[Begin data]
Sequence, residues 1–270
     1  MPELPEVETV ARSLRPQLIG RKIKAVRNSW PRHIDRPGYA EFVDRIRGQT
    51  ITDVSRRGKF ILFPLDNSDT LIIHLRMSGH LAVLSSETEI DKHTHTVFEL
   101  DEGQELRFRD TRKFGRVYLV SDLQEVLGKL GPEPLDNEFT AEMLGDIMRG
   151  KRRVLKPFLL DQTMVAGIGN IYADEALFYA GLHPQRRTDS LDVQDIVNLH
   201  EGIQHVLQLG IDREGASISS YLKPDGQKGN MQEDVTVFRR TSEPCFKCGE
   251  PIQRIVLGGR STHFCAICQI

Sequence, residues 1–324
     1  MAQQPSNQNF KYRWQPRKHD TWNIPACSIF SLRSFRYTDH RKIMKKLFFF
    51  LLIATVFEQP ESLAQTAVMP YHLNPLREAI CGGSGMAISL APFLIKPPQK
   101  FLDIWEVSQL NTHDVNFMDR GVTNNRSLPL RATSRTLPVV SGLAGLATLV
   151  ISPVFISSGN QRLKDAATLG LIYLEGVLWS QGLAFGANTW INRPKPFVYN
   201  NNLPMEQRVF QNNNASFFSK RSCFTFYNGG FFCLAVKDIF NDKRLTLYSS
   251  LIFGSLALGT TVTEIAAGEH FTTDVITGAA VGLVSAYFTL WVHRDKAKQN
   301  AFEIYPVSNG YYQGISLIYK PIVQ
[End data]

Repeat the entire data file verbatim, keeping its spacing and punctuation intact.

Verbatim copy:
Sequence, residues 1–270
     1  MPELPEVETV ARSLRPQLIG RKIKAVRNSW PRHIDRPGYA EFVDRIRGQT
    51  ITDVSRRGKF ILFPLDNSDT LIIHLRMSGH LAVLSSETEI DKHTHTVFEL
   101  DEGQELRFRD TRKFGRVYLV SDLQEVLGKL GPEPLDNEFT AEMLGDIMRG
   151  KRRVLKPFLL DQTMVAGIGN IYADEALFYA GLHPQRRTDS LDVQDIVNLH
   201  EGIQHVLQLG IDREGASISS YLKPDGQKGN MQEDVTVFRR TSEPCFKCGE
   251  PIQRIVLGGR STHFCAICQI

Sequence, residues 1–324
     1  MAQQPSNQNF KYRWQPRKHD TWNIPACSIF SLRSFRYTDH RKIMKKLFFF
    51  LLIATVFEQP ESLAQTAVMP YHLNPLREAI CGGSGMAISL APFLIKPPQK
   101  FLDIWEVSQL NTHDVNFMDR GVTNNRSLPL RATSRTLPVV SGLAGLATLV
   151  ISPVFISSGN QRLKDAATLG LIYLEGVLWS QGLAFGANTW INRPKPFVYN
   201  NNLPMEQRVF QNNNASFFSK RSCFTFYNGG FFCLAVKDIF NDKRLTLYSS
   251  LIFGSLALGT TVTEIAAGEH FTTDVITGAA VGLVSAYFTL WVHRDKAKQN
   301  AFEIYPVSNG YYQGISLIYK PIVQ